"The summer bushfires and the COVID-19 pandemic have exposed the best and worst of the federation and have only added to the urgency to undertake significant reform," he said.

"The status quo will only exacerbate the challenge faced by the states in funding the essential services their citizens expect and deserve."

He said the review panel, which included former New Zealand prime minister Sir Bill English, found clear areas where federalism "can and must be improved for our long-term prosperity".

"Over months of consultation, we have found a consensus that our federation has served the nation well and, properly calibrated, can remain one of the most economically efficient forms of national government," Mr Thodey said.

Mr Perrottet said the pandemic proved "federation is strongest when states aren't afraid to lead".

"We all know our federation needs fixing. This is our once-in-a-generation opportunity to change it for the better," Mr Perrottet said. "As a government, our priority is clear: we want taxes that are lower, fairer, smarter and fit for purpose in the 21st century.

"It’s very fitting that on the 20th anniversary of the introduction of the GST we have the opportunity to consider what course we chart to revitalise our economy and deliver prosperity for the next generation."


Australia's summer of extremes pushed grid to the limit, AEMO says

After several coal-fired power generators were decommissioned, this was to be expected

Australia's energy operator says the electricity grid barely made it through last summer's extreme temperatures and bushfires without major outages, with resilience to be further tested in the future.

The Australian Energy Market Operator's annual summer operations review found the nation's physical gas and electricity infrastructure was "being increasingly challenged", with "environmental limits and temperature tolerances for coal plants ... increasingly being approached and exceeded".

AEMO issued 178 directions to deal with actual or potential supply or system security issues, 10 times more than the previous three years. Of eight actual shortfalls — or a level 2 lack of reserves — half were in NSW, with three in Victoria and the other in South Australia.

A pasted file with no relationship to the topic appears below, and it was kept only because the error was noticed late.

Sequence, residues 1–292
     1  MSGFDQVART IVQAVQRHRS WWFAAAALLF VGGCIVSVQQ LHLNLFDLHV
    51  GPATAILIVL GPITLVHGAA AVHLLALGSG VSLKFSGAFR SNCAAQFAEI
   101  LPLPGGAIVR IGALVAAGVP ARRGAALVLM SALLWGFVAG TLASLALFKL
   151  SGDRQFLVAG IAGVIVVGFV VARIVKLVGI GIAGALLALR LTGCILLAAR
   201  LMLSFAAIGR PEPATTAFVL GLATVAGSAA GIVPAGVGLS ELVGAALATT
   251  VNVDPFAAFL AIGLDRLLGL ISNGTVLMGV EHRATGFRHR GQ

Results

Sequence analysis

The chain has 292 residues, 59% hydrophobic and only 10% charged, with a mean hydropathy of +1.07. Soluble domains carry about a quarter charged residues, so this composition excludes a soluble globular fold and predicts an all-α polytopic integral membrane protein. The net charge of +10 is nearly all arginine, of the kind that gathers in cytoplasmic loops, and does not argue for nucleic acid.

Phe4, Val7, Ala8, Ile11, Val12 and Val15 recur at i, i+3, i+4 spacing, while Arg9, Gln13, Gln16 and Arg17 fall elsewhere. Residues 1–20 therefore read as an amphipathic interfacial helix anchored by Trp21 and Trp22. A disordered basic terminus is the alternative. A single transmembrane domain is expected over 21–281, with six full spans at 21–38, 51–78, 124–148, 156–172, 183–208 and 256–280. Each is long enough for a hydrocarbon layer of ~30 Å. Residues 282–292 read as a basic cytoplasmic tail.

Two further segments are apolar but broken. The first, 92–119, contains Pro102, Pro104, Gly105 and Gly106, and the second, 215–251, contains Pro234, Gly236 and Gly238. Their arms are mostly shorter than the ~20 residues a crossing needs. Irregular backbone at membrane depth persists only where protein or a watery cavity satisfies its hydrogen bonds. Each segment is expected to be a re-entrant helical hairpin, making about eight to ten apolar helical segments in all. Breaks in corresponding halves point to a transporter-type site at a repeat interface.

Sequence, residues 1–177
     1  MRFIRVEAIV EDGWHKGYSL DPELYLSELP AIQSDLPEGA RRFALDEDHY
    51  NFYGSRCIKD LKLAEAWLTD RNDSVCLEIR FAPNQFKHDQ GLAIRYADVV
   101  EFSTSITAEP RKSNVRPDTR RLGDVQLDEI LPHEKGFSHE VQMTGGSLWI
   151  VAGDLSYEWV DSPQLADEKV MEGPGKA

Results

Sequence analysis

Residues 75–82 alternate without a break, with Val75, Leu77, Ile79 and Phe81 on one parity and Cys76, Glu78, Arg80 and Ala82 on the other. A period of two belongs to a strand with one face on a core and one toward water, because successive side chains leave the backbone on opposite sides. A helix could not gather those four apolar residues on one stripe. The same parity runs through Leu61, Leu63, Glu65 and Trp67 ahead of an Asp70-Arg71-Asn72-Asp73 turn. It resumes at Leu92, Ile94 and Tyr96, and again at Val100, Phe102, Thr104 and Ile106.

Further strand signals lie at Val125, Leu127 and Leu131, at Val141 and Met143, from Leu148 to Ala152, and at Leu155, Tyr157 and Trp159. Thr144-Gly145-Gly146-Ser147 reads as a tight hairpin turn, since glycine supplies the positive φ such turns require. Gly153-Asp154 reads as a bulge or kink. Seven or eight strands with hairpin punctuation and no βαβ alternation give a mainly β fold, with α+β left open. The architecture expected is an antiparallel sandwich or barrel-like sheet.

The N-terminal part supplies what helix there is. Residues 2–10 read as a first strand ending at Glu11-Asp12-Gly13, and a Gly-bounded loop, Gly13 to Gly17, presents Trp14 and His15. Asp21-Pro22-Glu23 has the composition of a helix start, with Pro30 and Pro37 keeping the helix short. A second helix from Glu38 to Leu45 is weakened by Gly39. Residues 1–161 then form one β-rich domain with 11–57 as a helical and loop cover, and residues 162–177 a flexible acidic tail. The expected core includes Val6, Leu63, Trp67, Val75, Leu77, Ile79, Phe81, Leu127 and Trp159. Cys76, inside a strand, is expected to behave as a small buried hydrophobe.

The summer was Australia's second hottest on record, trailing only the previous summer, with maximum temperatures 2.11 degrees warmer than the 1961-90 average. December 2019 alone had 11 days when temperatures averaged above 40 degrees, equalling the number of such days during all previous years since 1910. Bushfires also charred large swathes of the forests of eastern Australia.

AEMO's managing director and chief executive, Audrey Zibelman, said the grid had to cope with longer lasting and more extreme climatic and bushfire conditions that also made forecasting more difficult.

“The industry and AEMO’s preparation contributed to mitigating the potentially extensive and significant power-system impacts of a season characterised by record high temperatures, catastrophic bushfires, significant smoke, dust, and violent storm activity,” Ms Zibelman said.

The avoidance of major blackouts was a key achievement of the summer, particularly after a heavy storm knocked out six transmission towers in south-west Victoria on January 31. South Australia was effectively cut off from the rest of the National Electricity Market for 17 days.

The addition of about 3700 megawatts of new capacity — mostly wind and solar — compared with the summer of 2018-19 helped provide additional supplies during peak demand.

While coal-fired power plants had their output cut during extreme heat, some wind farms were also curtailed, the first time AEMO had observed this.

"Dust exacerbated by the drought and bushfire smoke, ash and dust storms also materially impacted grid-scale and rooftop photovoltaic solar generation forecasts," AEMO's report said.

Prior to last summer, AEMO increased standby reserves - known as its Reliability and Emergency Reserve Trader (RERT) mechanism - by buying 137MW of long notice reserves for Victoria and 1698 MW of medium and short-notice reserves across the market.

During four days of high demand, AEMO activated such capacity at a cost of $39.8 million, avoiding blackouts that would have affected as many as 92,500 homes at an associated cost of $77 million, the report said. Those RERT expenses cost the average household in NSW $3.24 and $2.43 in Victoria.

The summer generated a host of other lessons for power operators, including the need to improve forecasting to adjust to the swelling supplies of renewable energy.

Some of the forecasting challenge is meteorological, with agencies struggling to pick the top of the temperature peaks.

For instance, Penrith in Sydney's west hit 48.9 degrees on January 4, the hottest temperature recorded in an Australian metropolitan area, or several degrees more than predicted.

"The results demonstrate a bias towards under-forecasting at high temperatures and are indicative of challenges in accurately assessing generation reserve on peak demand days throughout summer," AEMO said.

"This under-forecasting is coupled to the increasing weather sensitivity of electricity demand as the use of airconditioning grows."


 Posted by John J. Ray (M.A.; Ph.D.).    For a daily critique of Leftist activities,  see DISSECTING LEFTISM.  To keep up with attacks on free speech see Tongue Tied. Also, don't forget your daily roundup  of pro-environment but anti-Greenie  news and commentary at GREENIE WATCH .  Email me  here